All day my legs and arms were jittering. Jittering with excitement and nerves.
Better than what normally happens in my stomach!
My glands were up and Id spent most of the day steaming my face, drinking green tea and trying not to succumb to whatever was threatening my throat.
I always get sick on gig days/weeks. With such regularity that it must be psychosomatic even a little. My body just overloads with expectation and decomposes. I am my own worst enemy.
Except…this was a gig I’d wanted to play for nearly 2 decades.
As a teenager and into my early 20’s I’d gone to the Garage to watch the 90’s premiere metal bands tear the place up. Deftones…MyRuin…L7…and then we’d all shuffle upstairs for an indie club night of checking each other out behind the smoke-filled smog, before it was time for my friend to drive me back home.
So to be invited to play, it was a no-brainer as to whether to accept or not.
I arrived at Highbury & Islington station, laden like a packhorse with my bags.
Realising I didn’t know how to get in, I emailed the promoter who told me it was round the back.
I’d waited for bands i’d loved round the back of the garage…to see if we could catch a glimpse of them getting on or off tour busses…Id been dragged into the dressing room by Tairrie B past security, because I was a friend, and came with flowers…it wasn’t that exciting but it was those little moments in my early life where I was always thinking “this is awesome, will it ever be me?”
There’s a clandestine feeling to being in a venue you’re not normally allowed in until the lights pop on and the music starts.
Walking into the venue from the load in entrance, the floors were much cleaner than I remembered. Your shoes didn’t stick to it, and it didn’t stink of stale smoke or dry ice. The large downstairs stage area was clean!
I was greeted by a member of I think, Feldspar (so many dudes!) and told where to find everyone else.
I trunked upstairs, but not before gleefully absorbing my surroundings and snapping a picture of the empty stage downstairs.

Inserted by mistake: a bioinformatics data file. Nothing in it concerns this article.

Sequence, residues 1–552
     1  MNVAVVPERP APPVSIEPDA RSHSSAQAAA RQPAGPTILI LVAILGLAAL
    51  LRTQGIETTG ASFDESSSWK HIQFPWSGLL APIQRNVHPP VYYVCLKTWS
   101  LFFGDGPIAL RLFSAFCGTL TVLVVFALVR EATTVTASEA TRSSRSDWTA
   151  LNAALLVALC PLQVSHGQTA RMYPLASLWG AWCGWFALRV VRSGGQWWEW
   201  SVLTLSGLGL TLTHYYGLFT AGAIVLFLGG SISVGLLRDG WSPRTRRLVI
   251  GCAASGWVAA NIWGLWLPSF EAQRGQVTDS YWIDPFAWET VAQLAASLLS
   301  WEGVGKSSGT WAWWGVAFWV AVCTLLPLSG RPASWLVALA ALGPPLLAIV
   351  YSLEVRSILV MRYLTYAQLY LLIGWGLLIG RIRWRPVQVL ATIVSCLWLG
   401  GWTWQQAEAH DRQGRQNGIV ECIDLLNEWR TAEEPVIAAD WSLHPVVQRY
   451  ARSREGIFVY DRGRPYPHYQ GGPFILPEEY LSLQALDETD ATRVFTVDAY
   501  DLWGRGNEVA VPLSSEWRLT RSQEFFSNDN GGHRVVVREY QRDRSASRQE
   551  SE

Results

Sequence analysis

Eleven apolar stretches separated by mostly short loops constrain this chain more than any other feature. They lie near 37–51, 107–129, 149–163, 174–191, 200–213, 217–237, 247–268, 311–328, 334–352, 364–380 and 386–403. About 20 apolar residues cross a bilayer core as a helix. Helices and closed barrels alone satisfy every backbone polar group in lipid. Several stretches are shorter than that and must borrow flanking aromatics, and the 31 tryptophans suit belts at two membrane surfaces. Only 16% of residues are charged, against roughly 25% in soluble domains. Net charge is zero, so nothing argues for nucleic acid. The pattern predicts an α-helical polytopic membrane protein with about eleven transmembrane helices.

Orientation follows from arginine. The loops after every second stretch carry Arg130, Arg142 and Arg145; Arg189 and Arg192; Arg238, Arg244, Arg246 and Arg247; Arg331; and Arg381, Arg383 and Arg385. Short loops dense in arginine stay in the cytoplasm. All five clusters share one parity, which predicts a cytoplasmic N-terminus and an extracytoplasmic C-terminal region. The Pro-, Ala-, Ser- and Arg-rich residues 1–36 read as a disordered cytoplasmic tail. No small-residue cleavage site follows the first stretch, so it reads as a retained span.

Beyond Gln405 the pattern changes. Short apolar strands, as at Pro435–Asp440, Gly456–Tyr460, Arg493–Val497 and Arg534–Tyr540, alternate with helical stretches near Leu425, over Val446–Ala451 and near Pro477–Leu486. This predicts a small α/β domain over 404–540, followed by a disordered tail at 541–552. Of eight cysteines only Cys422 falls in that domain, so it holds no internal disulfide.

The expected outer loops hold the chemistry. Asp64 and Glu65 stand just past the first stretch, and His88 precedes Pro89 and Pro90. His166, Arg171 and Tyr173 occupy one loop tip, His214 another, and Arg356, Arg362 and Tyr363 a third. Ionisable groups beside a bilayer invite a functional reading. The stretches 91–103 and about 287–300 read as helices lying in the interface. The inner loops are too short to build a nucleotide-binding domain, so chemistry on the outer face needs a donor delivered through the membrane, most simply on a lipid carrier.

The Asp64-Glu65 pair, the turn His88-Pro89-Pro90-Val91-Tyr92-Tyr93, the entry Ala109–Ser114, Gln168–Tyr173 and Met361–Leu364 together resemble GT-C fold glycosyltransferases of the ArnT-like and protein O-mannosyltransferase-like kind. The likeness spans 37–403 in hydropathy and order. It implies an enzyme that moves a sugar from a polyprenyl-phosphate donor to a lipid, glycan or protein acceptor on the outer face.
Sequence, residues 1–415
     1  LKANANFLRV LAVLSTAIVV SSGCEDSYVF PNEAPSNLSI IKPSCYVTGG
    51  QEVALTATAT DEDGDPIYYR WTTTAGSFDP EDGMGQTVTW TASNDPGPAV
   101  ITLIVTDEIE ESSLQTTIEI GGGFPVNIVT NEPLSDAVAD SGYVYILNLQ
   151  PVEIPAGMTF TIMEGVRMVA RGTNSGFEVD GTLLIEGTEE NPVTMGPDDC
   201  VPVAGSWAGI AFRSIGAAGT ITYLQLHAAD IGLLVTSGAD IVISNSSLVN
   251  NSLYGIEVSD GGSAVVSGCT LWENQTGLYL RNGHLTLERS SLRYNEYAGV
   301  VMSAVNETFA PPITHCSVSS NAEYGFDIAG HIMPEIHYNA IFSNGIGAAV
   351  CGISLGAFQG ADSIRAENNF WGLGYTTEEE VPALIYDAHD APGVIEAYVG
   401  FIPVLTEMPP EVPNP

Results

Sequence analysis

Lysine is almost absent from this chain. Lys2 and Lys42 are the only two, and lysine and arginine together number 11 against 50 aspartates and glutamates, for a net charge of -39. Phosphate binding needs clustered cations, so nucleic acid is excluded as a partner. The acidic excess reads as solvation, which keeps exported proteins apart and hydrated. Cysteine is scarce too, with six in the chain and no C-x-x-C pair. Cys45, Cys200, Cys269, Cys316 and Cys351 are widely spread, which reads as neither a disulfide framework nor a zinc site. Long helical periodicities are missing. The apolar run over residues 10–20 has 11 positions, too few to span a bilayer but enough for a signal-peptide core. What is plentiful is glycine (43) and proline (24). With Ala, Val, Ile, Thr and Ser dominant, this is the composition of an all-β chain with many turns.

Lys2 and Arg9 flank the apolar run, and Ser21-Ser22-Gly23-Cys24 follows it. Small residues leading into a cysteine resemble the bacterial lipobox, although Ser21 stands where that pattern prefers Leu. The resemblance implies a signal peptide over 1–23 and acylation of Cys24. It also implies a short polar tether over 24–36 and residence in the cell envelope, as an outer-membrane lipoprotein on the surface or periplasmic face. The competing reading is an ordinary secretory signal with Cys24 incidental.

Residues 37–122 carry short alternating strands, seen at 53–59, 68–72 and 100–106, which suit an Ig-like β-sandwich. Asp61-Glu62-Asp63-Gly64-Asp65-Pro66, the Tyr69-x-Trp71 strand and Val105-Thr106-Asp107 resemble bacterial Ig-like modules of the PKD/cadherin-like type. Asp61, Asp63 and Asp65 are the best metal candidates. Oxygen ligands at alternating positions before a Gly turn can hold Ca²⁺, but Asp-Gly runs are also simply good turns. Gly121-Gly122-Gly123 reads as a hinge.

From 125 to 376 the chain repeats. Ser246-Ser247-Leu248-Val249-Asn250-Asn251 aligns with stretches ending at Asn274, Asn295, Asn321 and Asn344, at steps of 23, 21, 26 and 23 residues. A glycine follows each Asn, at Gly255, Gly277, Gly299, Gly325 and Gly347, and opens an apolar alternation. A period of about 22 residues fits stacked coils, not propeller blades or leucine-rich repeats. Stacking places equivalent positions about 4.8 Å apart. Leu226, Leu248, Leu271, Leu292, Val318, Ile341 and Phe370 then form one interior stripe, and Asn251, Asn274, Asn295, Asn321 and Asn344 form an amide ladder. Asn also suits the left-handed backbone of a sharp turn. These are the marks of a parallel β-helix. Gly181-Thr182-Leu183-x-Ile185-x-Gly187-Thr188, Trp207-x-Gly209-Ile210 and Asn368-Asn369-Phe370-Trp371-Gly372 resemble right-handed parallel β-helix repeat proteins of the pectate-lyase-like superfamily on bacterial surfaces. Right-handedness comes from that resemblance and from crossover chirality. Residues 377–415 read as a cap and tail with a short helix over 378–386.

Upstairs, the club room I had spent a few evenings in decades before seemed much smaller than I remembered and was also fairly clean!
The other bands (Broken Boat and Feldspar) were setting up, dragging great instrument stands about and lugging drums up stairs. There was me with my little ukulele and shruthi, with my 2 bags- and everyone else had carfulls of equipment.
I sat patiently waiting – I don’t like to be late for things so when someone says soundcheck at 5:30pm I arrive on time. After chatting to BB’s lovely den mum, and oft-times roadie downstairs for a while to escape the tinnitus-inducing drum checks, it was finally my turn to do a very quick soundcheck, with 20 minutes to go till doors opened.
Then I gathered my stuff and headed to the lit sign that read “toilets” to find the dressing room.
There was a dressing room!!
*I* was in the dressing room upstairs at THE GARAGE!
Ok, so I know I sound like a geek but it meant a lot to be there.
Sat in the dressing room with the really lovely members of Broken Boat, and occasionally a Feldsparian, I let my nerves have their last gasp. Text from friends came through to say they were here or on their way…the music had started and the lights were on.
And then the knock at the door came that lets you know it’s time to step out into the dark.
God damn, it was a good evening.
I didn’t know Oarsman could go so well with people who were so shy at first – but they slowly got into it, their hearts swelled and we sang for just the right amount of time together.
That soundman really did a great job.
I left with my heart full, and knowing that I finally played at The Garage to rapturous whoops and whistles, only a few years late. This is what it’s supposed to feel like doing music. THIS.